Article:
Soup may be off the menu at stylish tables this party season. What with fashion’s fondness for extra-long sleeves – some so long that they trail off the wearer’s arm towards the floor – attempting to eat anything liquid could prove messy.
This is a trend seen recently on the catwalk – brands including Acne, Balenciaga and Givenchy featured models wearing oversized sleeves. It’s also one worn by celebrities. Alexa Chung has been spotted in a shirt with gigantic hand-covering cuffs, while the new Doctor Who, Ncuti Gatwa, wore a long coat at the GQ Men of the Year Awards, with sleeves covering his hands. The trend is Gen Alpha-approved. 10-year-old North West, the daughter of Kim Kardashian and Kanye West, is pictured in a sweater with extra-long sleeves in i-D magazine this month.
This is a look that is available for those without Kardashian budgets, though. Brands including Raey, COS and Other Stories have items with long sleeves currently. Jigsaw’s collection with designer Roksanda Ilinčić, released this month, made longer sleeves a theme across colourful knits. And shopping vintage – but sizing up – is, of course, a very viable option here.
The extra-long sleeve has been a quirk loved by fashion for a few years – The New York Times reported on “fashion that doesn’t let you use your hands” in 2016, while Vogue noted long sleeves as a fashion editor favourite during fashion week in 2022 – but this winter it seems to have reached another peak. Combining the ‘cosy girl’ aesthetic popular on TikTok with 90s pedigree (Nirvana’s Kurt Cobain, for example, was a proponent of knitwear that covered hands), it’s a detail that chimes with fashion now.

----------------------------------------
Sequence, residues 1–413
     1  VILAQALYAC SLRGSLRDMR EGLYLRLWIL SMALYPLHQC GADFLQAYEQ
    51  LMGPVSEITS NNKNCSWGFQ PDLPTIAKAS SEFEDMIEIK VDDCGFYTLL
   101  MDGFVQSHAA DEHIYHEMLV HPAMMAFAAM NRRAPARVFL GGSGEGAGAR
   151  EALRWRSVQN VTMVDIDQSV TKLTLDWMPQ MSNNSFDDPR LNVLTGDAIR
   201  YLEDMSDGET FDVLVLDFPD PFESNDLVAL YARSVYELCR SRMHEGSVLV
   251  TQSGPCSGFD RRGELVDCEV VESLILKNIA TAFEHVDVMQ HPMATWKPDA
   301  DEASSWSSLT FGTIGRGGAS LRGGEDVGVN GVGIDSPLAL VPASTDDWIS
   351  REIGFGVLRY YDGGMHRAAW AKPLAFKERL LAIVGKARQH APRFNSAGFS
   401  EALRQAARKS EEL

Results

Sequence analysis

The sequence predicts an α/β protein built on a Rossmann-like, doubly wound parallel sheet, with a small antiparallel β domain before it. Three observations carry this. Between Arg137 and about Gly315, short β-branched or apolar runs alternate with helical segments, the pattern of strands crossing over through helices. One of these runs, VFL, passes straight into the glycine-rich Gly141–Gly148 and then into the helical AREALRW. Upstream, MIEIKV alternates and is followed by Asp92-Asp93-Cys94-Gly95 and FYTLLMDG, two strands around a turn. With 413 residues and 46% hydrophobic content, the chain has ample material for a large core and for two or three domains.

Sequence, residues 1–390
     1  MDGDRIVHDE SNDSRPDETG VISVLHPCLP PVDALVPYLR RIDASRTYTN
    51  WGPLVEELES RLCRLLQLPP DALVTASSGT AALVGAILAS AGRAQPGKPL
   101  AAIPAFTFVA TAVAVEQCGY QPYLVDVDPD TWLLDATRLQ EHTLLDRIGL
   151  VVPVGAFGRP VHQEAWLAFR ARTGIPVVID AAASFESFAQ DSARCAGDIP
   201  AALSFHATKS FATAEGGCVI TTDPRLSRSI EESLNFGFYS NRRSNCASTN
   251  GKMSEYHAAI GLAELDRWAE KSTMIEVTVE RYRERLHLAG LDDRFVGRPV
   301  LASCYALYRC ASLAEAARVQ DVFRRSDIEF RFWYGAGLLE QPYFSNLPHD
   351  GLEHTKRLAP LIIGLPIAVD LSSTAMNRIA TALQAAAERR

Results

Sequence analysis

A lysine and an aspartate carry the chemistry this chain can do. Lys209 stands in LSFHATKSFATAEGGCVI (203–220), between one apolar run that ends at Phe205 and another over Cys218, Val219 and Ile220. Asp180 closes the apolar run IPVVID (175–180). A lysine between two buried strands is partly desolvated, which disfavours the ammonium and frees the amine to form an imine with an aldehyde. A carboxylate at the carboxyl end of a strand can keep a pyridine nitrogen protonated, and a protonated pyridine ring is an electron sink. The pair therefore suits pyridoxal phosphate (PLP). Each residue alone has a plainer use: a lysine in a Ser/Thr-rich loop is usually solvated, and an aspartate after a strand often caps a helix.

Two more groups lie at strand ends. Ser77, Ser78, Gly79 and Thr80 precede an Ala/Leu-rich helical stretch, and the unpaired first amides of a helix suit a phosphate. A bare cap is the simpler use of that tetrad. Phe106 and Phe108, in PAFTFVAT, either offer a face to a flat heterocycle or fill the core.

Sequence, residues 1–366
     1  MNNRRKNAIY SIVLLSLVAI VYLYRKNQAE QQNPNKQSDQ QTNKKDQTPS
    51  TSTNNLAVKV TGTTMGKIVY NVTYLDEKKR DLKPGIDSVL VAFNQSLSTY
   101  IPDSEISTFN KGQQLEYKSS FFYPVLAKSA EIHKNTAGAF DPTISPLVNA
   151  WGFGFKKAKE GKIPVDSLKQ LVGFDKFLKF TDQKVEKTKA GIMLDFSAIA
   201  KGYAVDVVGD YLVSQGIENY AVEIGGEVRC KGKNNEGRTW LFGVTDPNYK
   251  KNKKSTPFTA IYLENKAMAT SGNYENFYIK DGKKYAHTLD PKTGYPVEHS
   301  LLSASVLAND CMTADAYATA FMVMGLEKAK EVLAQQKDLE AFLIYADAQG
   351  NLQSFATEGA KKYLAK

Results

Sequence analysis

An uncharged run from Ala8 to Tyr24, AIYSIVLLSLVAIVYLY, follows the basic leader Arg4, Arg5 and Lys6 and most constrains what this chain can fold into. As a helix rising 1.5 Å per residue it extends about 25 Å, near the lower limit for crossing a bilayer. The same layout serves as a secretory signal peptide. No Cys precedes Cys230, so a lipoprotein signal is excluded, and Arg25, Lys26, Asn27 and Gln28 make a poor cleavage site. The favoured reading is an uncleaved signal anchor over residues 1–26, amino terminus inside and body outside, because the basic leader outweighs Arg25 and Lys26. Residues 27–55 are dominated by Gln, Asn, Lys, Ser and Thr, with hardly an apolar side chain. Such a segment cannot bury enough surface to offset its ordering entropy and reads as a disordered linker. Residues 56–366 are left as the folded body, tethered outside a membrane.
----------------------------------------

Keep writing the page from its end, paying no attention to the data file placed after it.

The “cosy girl” became popular last winter, and the “cozygirl” hashtag now has 29.4m views on TikTok. The aesthetic prioritises comfort and a hygge-style homebody feel, with 90s romcoms such as Sleepless in Seattle and You’ve Got Mail the references. For clothes, it chiefly centres around cream-coloured knitwear and oversized coats, with sleeves that often fall far over the wearer’s hand. If Meg Ryan is the retro icon, Katie Holmes has become the more modern style inspiration. This week, Vogue declared she was “in full ‘cosy-girl’ mode”.
Less cosy girl and more glamorous, the designer Nensi Dojaka, whose London-based label is a favourite of celebrities like Dua Lipa and Rihanna, has made longer sleeves a signature of her look. “We have always been very specific about sleeve lengths,” she says. “Usually, we go for a longer sleeve that covers the knuckles because it adds a layer of sensuality to the wearer’s attitude as well as subtly elongating your arms and silhouette.”
Dojaka is known for her evening dresses that subvert assumptions of what female sexuality looks like. She prefers longer sleeves because it is not what is expected for this category – one which often centres around putting skin on show. “It’s unexpected to see long sleeves in after-dark dressing as, typically, we would go for a slip dress without any sleeves,” she says. “Perhaps they evoke a bit of mystery.” The fact that they keep hands warm – and cosy – as temperatures drop is an added bonus.